Although technology has advanced so much in recent years that it might take a practiced ear to tell the difference — and many artists record digitally now, anyway — the act of collecting itself is another factor. For one thing, it’s a pandemic-safe activity in a year when music lovers couldn’t attend concerts of any size.
“Some people like tangible products, and want something of their artists that they love and feel close to, to actually own something,” Demers said.
Since the pandemic started, Tom Caggiano, an employee at Joe’s Albums, said “things have just exploded. The lust for vinyl is really crazy.”
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Dave Pierce, owner of Straightaway Records in Gardner, said it’s exciting to see old, classic records being re-pressed on vinyl. A 30th anniversary reissue of Nirvana’s “Nevermind” was just released on vinyl, for example, and Lawless said he can’t keep Fleetwood Mac’s “Rumours” — originally released in 1977 — in stock for long.
“How you listen to music is a personal choice,” Pierce said. “The interesting thing is a lot of these young people, they’re buying records that were made before they were born, some of them… plenty of older people might buy (newly pressed old records), but a lot of the older people already have those records.”
Goldberg stressed that vinyl records — a new Target-exclusive copy of “Rumours” retails for $22.99 and Lana Del Rey’s new album “Blue Banisters” retails for $39.99 — are an investment and should be treated as such.
Buying a turntable
She also had advice about buying a turntable.
“Avoid the suitcases. I have kids come in here asking, ‘Do you have the new Crosley suitcases?’ And the answer is ‘no’ because they suck,” Goldberg said.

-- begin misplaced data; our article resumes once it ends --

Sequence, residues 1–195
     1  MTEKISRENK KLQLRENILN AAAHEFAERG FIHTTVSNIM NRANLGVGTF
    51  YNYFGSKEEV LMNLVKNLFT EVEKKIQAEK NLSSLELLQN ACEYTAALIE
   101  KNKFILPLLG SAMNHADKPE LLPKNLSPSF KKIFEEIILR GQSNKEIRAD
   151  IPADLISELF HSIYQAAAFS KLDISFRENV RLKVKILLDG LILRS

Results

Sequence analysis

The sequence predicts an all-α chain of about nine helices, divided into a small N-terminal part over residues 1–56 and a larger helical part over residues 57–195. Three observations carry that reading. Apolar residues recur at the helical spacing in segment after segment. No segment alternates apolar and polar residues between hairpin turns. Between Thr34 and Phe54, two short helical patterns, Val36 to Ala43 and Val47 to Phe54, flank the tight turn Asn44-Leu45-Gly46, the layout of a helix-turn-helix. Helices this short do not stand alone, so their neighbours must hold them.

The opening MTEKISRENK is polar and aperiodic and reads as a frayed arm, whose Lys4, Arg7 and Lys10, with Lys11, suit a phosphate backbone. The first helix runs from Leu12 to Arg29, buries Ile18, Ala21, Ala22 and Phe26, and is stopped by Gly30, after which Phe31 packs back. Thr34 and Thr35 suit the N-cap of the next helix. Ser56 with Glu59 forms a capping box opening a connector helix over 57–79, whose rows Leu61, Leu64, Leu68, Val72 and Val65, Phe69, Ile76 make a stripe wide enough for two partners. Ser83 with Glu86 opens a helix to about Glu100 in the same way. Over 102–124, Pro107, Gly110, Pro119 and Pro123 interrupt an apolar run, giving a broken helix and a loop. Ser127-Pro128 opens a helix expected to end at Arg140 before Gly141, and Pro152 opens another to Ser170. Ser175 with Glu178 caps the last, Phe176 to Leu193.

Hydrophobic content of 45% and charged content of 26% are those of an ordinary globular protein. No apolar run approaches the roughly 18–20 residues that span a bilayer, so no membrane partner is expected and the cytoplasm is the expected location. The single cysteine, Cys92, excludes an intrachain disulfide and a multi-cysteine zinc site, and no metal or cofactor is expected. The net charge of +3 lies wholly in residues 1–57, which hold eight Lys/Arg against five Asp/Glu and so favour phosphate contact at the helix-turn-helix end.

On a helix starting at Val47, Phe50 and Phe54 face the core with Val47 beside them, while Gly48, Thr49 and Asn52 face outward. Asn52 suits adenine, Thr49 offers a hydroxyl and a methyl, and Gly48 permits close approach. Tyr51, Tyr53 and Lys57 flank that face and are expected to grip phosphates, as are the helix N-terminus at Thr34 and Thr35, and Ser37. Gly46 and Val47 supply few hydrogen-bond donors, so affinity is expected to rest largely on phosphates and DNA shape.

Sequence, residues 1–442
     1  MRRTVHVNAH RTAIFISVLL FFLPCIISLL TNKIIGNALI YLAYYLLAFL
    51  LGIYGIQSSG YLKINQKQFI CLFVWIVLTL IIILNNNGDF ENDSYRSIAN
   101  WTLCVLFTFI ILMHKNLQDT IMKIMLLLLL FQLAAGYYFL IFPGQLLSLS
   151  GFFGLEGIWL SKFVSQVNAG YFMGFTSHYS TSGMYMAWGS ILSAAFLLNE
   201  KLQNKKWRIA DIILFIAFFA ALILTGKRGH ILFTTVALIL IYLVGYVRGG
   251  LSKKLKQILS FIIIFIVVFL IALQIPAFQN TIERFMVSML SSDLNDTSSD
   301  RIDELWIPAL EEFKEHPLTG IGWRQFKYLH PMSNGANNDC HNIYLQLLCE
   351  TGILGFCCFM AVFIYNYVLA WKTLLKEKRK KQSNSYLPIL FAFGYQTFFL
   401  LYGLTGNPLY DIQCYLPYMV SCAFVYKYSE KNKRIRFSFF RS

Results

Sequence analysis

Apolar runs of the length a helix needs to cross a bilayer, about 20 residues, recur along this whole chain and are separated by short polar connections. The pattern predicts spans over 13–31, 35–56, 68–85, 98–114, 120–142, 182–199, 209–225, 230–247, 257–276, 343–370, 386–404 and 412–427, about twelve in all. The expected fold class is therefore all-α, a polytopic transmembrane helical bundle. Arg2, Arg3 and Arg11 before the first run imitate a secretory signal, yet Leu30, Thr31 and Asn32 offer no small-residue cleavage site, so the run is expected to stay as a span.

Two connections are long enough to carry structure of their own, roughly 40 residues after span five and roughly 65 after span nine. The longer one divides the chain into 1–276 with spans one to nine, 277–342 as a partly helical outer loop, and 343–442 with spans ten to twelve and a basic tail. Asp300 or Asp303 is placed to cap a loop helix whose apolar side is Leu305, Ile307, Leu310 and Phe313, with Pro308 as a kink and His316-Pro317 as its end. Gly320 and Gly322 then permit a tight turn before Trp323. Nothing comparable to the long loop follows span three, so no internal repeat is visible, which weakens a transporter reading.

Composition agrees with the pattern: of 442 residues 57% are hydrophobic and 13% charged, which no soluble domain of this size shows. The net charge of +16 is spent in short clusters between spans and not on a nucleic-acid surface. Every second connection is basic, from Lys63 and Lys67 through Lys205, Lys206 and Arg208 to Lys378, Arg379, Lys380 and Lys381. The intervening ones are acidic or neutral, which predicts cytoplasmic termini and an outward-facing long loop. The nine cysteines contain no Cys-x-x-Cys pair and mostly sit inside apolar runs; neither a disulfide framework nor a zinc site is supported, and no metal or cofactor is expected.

She suggested looking for something that has a counterweight on the tone arm — the piece that moves across the record as it plays. The counterweight is absent on less expensive apparatus.
“That is what keeps gravity from pushing your needle down and digging into your records,” Goldberg said. “If you can afford to get something better than the suitcase, get that first.”
Vinyl record stores dot Massachusetts, from the edge of the Cape all the way to the western part of the state, and each contains thousands of records and thousands of hours of music.
Goldberg hopes to take over the store in Upton someday. She’s mindful of trying to keep extra stock of today’s popular releases for years down the line, “so the releases that are new now will be old someday.” She said when people bring their record collections into the store, Lawless will often remark upon finding a record he remembers being released decades ago.
“Someday, people my age are going to be Mick’s age, and we’re going to be nostalgic for the stuff that’s coming out now…I’m going to be going through the records and I’m going to see Weezer or something, and I’m going to be like, ‘I remember when this came out, like, 40 years ago,” Goldberg said. “It’s terrifying but it’s going to happen, so we’ve got to keep asking people what they want.”
Lillian Eden can be reached at 617-459-6409 or [email protected] Follow her on Twitter @LillianWEden.